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Business News of Wednesday, 20 October 2021

Source: thefinderonline.com

GNPC-Aker deal to add 200,000 bpd as first oil pour is expected in 2024 - Dr Sarpong

The Ghana National Petroleum Corporation (GNPC) The Ghana National Petroleum Corporation (GNPC)

The proposed deal between Ghana National Petroleum Corporation (GNPC), Aker Energy and AGM Petroleum Ghana Limited is expected to add 200,000 barrels of oil per day to Ghana’s oil production.

10-year development plan in 4 phases

The four-phased development of Deep Water Tano/Cape Three Points (DWT/CTP) bloc and the South Deep Water Tano Block (SDWT) blocs will span 10 years.

If nothing disrupts current plans, the first oil is expected in 2024.

Pecan Phase 1A to produce 40,000 barrels

Pecan Phase 1A, which is the first stage of the development, is expected to pour first oil of 40,000 barrels per by 2024.

Pecan Phase 1B to produce 40,000 barrels

Pecan Phase 1B, which is also part of the first phase of development, is also expected to pour first oil of 40,000 barrels per day in 2017 and increase production 80,000 barrels per day.

Nyankom to produce 60,000 barrels

The second phase will be developed at Nyankom, which will be fast-tracked and completed in 2027 to produce 60,000 barrels per day to increase production to 140,000 barrels of oil per day.

Pecan Phase 2 to produce 60,000 barrels

Pecan Phase 2 will be the final development and is expected to be completed in 2030 to add 60,000 barrels of oil per day, which will increase total production to 200,000 barrels of oil per day.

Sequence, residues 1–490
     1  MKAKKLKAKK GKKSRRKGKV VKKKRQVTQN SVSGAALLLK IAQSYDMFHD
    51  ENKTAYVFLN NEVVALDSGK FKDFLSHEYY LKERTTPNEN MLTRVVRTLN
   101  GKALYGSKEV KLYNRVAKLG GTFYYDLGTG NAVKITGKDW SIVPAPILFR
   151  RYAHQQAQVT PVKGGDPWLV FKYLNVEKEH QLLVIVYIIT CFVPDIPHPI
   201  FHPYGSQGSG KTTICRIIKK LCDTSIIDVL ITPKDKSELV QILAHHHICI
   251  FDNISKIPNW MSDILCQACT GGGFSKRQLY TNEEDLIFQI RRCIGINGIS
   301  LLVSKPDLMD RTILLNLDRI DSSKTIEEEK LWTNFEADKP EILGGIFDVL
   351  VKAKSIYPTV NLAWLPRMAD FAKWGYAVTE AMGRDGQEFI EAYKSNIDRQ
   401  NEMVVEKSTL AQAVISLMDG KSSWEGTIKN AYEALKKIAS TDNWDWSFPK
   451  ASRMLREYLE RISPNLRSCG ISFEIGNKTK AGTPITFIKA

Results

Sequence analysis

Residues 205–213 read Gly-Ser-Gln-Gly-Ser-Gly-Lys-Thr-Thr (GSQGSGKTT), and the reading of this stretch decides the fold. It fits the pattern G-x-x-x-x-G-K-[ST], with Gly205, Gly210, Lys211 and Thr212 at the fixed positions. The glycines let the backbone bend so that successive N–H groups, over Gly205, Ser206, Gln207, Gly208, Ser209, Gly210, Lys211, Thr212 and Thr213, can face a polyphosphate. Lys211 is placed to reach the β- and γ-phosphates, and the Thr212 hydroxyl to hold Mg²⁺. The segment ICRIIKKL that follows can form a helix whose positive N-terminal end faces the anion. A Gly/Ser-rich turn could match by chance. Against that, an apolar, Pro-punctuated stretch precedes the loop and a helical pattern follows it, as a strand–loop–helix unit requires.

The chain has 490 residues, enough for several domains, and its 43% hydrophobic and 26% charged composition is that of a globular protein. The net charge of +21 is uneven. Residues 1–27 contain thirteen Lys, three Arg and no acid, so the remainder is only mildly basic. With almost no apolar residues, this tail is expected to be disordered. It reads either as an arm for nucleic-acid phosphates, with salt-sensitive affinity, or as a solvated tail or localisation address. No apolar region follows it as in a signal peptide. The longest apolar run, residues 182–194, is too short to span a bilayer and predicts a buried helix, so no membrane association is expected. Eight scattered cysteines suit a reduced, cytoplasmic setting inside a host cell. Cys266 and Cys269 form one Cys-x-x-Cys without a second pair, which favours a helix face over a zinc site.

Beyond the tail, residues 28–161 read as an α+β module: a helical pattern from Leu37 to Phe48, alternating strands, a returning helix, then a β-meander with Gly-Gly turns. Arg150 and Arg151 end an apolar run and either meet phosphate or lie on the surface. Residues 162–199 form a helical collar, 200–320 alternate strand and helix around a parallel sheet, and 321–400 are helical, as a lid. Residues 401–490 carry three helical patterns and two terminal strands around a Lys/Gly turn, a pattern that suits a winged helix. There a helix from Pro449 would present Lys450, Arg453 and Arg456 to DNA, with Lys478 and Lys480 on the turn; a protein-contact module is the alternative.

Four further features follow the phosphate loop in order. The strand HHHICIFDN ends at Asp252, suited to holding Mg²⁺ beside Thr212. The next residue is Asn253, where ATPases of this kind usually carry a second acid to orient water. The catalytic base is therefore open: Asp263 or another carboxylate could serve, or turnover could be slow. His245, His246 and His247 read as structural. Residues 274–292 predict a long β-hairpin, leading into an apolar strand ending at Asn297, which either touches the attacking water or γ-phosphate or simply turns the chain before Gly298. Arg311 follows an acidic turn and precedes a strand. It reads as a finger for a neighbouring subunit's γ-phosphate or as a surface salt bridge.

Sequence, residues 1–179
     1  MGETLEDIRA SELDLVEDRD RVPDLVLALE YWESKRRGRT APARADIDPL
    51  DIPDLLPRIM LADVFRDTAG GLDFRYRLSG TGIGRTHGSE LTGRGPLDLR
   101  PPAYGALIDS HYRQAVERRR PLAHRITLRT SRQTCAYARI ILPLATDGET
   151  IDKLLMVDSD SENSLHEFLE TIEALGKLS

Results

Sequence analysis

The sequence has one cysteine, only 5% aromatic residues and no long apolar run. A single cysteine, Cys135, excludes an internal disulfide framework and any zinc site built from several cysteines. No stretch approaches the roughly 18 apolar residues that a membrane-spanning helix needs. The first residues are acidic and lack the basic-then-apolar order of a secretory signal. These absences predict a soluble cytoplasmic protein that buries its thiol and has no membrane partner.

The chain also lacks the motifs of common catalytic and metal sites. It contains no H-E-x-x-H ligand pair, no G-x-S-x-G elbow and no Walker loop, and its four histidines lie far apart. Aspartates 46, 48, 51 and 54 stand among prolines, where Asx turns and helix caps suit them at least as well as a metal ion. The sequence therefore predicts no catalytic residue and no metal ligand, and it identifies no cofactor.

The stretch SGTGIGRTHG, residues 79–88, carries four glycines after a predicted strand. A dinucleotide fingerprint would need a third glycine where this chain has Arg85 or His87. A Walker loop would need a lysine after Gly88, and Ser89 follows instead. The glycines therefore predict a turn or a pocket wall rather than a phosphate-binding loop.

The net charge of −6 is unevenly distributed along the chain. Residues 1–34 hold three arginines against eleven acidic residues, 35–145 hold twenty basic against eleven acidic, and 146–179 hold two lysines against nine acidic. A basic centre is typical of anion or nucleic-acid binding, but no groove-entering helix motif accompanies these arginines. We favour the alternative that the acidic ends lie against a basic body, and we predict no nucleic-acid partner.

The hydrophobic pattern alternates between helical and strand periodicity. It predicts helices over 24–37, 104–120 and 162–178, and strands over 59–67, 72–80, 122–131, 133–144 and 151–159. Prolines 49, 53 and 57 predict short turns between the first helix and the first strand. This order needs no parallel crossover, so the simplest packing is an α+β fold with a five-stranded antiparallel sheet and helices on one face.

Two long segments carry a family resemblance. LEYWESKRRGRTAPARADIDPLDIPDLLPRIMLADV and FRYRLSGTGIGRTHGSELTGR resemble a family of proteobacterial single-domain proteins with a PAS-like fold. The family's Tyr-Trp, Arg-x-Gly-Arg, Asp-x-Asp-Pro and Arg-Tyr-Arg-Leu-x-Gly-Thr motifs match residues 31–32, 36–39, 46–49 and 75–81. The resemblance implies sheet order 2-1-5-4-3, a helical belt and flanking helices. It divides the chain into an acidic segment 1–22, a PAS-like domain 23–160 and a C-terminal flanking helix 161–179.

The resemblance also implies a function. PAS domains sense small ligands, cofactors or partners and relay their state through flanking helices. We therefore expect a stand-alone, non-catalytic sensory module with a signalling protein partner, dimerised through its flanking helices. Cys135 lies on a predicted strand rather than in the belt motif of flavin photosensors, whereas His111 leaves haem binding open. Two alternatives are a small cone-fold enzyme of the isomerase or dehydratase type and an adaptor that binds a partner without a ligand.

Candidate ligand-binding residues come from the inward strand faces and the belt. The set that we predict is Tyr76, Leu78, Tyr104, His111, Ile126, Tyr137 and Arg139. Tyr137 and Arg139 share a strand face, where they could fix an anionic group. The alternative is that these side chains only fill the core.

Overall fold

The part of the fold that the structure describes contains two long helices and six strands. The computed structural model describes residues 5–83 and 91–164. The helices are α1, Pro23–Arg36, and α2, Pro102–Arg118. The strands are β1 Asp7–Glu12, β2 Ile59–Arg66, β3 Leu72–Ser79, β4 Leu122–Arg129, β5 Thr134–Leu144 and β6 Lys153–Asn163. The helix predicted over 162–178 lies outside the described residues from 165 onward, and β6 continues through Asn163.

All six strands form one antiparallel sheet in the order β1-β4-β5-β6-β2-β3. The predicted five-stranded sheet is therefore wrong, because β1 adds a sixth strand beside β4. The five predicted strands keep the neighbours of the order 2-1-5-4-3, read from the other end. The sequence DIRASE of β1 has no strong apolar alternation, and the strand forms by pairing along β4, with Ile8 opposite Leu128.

Arresting decline in Ghana’s oil production

The Chief Executive Officer (CEO) of GNPC, Dr Kofi Kodua Sarpong, told media practitioners that the developments would arrest the decline in Ghana’s oil production which started last year.

Drop in total oil production

Total production dropped from 195,722 barrels per day in 2018 to 182,855 in 2020, and the figure is projected to decline further to 154,050 this year, representing 41,672 barrels per day decline.

Fields Jubilee - Production to decline to 73, 050 barrels

For the individual fields, Jubilee production started declining in 2016 from 102, 130 in 2015 to a projected figure of 73, 050 this year.

TEN fields - Production to decline to 38,500 barrels

For Tweneboa, Enyenra, Ntomme (TEN) fields, production started declining in 2019 from 64, 548 to projected 38,500 this year.

Sankofa and Gye Nyame - Production to decline to 42,500

Production from Sankofa and Gye Nyame (SGN) also started declining in 2021 from 51,000 to a projected figure of 42,500.

Total production can decline to 10,000 barrels by 2036

Dr Sarpong explained that oil production going forward is expected to decline to as low as less than 10,000 barrels of oil per day by 2036 if nothing is done.

Causes of the decline

According to him, the decline is attributable to technical challenges, no new field development prior to 2017, as well as lack of investment for new developments due to energy transition.


Unfairness of energy transition push

The GNPC CEO noted that advanced countries developed their economies using profits from oil and gas, and now they are investing in renewables using profits from oil and gas.

Advanced countries are focused on persuading emerging oil and gas producers to leave their newly found hydrocarbons stranded and borrow from them to develop renewable energy.

Developing countries and renewables

Dr Sarpong explained that developing countries contribute only three percent to global carbon emissions, and should, therefore, not be pressurised into renewables.


He is convinced that reasonably high prices for hydrocarbons would prevail and producing countries stand to gain increased revenue for development.

It has been projected that demand growth will increase by five million barrels by 2030 while reduction in demand from electric cars will reduce demand by four million barrels by 2030.

Dr Sarpong said the demand lost to electric cars is more than offset by demand growth from Asia.

He identified lack of capital to invest and lack of operating capacity of national oil companies as implications of energy transition for emerging oil-producing countries with stranded hydrocarbon resources.

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